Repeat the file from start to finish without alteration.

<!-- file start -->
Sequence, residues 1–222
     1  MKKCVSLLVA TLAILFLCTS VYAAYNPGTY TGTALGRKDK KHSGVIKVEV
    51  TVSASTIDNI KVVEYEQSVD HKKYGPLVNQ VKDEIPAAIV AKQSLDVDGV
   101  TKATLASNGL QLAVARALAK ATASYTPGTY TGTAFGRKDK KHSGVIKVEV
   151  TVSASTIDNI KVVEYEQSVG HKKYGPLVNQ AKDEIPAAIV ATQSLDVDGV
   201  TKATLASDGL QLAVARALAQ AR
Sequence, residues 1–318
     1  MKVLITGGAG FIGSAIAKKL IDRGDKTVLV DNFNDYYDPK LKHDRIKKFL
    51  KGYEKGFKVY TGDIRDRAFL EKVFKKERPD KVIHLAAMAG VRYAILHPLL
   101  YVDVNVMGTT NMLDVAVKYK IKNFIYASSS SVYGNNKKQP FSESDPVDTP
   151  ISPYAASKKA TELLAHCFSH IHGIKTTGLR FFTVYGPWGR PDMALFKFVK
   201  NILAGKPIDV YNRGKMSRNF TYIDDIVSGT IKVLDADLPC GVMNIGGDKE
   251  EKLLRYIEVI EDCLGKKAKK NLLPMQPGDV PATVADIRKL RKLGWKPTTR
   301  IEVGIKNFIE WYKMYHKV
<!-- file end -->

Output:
Sequence, residues 1–222
     1  MKKCVSLLVA TLAILFLCTS VYAAYNPGTY TGTALGRKDK KHSGVIKVEV
    51  TVSASTIDNI KVVEYEQSVD HKKYGPLVNQ VKDEIPAAIV AKQSLDVDGV
   101  TKATLASNGL QLAVARALAK ATASYTPGTY TGTAFGRKDK KHSGVIKVEV
   151  TVSASTIDNI KVVEYEQSVG HKKYGPLVNQ AKDEIPAAIV ATQSLDVDGV
   201  TKATLASDGL QLAVARALAQ AR
Sequence, residues 1–318
     1  MKVLITGGAG FIGSAIAKKL IDRGDKTVLV DNFNDYYDPK LKHDRIKKFL
    51  KGYEKGFKVY TGDIRDRAFL EKVFKKERPD KVIHLAAMAG VRYAILHPLL
   101  YVDVNVMGTT NMLDVAVKYK IKNFIYASSS SVYGNNKKQP FSESDPVDTP
   151  ISPYAASKKA TELLAHCFSH IHGIKTTGLR FFTVYGPWGR PDMALFKFVK
   201  NILAGKPIDV YNRGKMSRNF TYIDDIVSGT IKVLDADLPC GVMNIGGDKE
   251  EKLLRYIEVI EDCLGKKAKK NLLPMQPGDV PATVADIRKL RKLGWKPTTR
   301  IEVGIKNFIE WYKMYHKV